Vikings players, owners chip in $50,000 for Drake Hotel fire victims

Fundraising for those displaced by the blaze has surged.
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Drake Hotel fire

Fundraising efforts to help the homeless people and families displaced by the fire at the Francis Drake Hotel apartments on Christmas Day were boosted on Sunday by the Minnesota Vikings.

Vikings players, led by tight end Kyle Rudolph, pooled their resources to donate $25,000 to the relief effort, which was then matched by the Vikings' ownership group to bring the total to $50,000.

The Minneapolis Foundation, which has been the main collector of donations since the blaze, said that as of Saturday it had received more than $278,000 to help the impacted families.

"For me, Christmas is a time where you’re supposed to be spending time with family. Really, the whole holiday season – it’s all about spreading Christmas cheer and doing things for other people," Rudolph, who is the Vikings' 2019 Walter Payton Man of the Year nominee, said.

"When you hear news of a tragedy like this that displaces 250 people, and their lives are turned upside down, they don’t know where to go for help, it makes you feel like you need to do something – you need to step up; you need to help these people."

The Drake Hotel, which was built in 1926, went up on flames on Christmas morning. It was being used as an overflow shelter for the city's homeless, who suddenly found themselves with anywhere to stay as the fire took hold.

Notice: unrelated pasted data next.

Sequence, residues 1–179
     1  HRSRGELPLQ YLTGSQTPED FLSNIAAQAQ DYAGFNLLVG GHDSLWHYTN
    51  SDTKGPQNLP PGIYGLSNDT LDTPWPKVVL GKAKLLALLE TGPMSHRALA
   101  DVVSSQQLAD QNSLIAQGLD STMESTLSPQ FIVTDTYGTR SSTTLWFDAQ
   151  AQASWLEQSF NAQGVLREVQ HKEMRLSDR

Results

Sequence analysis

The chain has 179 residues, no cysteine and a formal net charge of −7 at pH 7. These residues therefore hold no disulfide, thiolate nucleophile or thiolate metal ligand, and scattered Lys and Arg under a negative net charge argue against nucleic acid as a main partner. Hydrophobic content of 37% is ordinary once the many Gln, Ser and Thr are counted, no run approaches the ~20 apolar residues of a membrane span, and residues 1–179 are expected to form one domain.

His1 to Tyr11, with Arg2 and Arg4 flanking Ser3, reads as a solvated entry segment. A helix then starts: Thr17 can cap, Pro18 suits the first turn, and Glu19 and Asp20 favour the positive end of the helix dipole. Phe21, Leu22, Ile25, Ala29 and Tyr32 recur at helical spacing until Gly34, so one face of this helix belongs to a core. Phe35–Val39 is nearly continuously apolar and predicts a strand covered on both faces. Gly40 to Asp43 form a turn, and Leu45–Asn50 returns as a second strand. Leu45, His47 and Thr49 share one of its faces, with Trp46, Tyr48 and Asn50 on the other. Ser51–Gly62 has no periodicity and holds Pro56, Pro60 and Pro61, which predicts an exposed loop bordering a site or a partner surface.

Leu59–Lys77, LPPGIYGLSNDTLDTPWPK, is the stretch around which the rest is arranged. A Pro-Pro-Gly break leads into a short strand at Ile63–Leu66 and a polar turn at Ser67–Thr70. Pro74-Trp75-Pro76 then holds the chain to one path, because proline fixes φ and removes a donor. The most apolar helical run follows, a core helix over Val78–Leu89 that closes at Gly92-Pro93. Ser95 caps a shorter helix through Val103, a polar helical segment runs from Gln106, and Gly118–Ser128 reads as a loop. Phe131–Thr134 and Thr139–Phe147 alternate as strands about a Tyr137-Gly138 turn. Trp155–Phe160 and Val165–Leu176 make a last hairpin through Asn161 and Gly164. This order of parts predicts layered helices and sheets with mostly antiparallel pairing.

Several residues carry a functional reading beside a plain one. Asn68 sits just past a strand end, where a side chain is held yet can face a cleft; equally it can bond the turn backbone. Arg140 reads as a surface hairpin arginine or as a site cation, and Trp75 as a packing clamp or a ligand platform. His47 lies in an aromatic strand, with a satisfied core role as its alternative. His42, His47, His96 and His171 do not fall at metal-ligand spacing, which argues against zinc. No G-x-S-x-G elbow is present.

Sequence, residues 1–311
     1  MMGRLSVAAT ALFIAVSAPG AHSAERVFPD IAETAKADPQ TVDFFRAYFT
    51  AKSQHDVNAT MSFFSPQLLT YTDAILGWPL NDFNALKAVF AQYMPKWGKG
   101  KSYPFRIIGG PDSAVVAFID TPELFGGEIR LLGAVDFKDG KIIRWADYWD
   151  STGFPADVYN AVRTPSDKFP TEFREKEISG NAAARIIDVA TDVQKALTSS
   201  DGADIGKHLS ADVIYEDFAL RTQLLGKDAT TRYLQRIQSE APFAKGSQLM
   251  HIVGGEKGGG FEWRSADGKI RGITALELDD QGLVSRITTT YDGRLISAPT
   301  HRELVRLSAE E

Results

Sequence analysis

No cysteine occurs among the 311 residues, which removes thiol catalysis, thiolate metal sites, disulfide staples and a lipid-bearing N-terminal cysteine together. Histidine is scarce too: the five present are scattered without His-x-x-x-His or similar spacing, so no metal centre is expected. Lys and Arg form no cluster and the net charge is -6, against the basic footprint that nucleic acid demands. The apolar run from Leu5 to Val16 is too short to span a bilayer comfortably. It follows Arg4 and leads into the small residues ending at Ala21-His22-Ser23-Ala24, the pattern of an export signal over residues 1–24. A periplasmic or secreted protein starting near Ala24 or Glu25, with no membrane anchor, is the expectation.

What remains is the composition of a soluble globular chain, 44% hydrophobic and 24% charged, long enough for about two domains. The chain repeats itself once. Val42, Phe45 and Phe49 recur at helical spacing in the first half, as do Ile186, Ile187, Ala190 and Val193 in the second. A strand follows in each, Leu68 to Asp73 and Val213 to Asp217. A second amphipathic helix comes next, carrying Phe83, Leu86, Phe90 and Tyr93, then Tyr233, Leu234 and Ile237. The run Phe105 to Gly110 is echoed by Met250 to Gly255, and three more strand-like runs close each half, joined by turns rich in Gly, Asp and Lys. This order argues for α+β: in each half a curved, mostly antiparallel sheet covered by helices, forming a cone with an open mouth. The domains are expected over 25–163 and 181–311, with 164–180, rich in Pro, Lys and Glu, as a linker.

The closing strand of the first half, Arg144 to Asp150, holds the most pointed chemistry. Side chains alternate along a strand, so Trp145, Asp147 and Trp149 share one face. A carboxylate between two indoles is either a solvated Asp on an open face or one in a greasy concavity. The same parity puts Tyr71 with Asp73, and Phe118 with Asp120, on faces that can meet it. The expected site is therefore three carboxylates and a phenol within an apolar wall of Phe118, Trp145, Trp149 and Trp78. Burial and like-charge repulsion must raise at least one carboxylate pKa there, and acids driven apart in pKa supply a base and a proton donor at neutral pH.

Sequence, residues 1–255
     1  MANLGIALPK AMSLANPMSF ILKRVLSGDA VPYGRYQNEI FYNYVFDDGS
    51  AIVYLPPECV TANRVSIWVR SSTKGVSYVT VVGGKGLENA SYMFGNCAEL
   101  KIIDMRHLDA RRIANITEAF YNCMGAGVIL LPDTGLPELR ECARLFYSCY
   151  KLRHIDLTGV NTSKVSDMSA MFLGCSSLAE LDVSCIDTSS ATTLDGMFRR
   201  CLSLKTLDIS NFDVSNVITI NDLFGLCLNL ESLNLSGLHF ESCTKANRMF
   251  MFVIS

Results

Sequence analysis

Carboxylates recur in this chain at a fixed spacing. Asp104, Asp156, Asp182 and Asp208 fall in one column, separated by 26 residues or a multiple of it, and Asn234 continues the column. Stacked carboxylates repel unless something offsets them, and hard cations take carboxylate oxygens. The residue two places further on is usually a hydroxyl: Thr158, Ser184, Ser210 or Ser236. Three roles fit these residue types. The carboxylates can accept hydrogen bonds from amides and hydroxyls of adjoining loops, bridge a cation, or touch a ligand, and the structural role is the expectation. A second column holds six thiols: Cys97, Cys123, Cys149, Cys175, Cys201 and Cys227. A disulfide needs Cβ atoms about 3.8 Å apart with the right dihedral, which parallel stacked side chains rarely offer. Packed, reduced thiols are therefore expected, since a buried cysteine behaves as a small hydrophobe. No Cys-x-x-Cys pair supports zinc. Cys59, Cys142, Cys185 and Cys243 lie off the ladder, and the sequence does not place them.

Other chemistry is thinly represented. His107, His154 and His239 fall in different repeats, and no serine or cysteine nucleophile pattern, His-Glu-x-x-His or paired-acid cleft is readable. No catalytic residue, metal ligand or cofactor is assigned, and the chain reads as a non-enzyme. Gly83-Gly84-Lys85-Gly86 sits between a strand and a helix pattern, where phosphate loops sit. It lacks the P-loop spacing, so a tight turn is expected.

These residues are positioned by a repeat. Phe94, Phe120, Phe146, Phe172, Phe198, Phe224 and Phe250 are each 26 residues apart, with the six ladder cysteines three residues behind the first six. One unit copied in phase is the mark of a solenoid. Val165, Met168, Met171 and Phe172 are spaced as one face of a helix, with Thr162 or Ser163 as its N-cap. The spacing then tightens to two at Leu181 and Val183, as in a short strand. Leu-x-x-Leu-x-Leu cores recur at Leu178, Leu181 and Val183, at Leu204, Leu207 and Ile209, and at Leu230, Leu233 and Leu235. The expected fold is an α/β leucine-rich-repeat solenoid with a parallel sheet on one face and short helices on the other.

Since then, efforts have focused on finding the families temporary shelter, as well as providing them with the living essentials they need.

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Families have either been moved to a hotel in Bloomington, or at another temporary shelter provided by the Covenant Church in Minneapolis.

At the legislative level, attention is shifting to providing more long-term housing options for the homeless in the Twin Cities.

In the wake of the fire, Gov. Tim Walz said he's planning a bonding request for the Legislature to address this issue, per MPR.

"This persistent homelessness and the issue of housing, this just becomes starkly real here,” said said. “We knew it was out there, we see it, it's always around us, but a lot of times without these tragedies it may not come home to people the same way."

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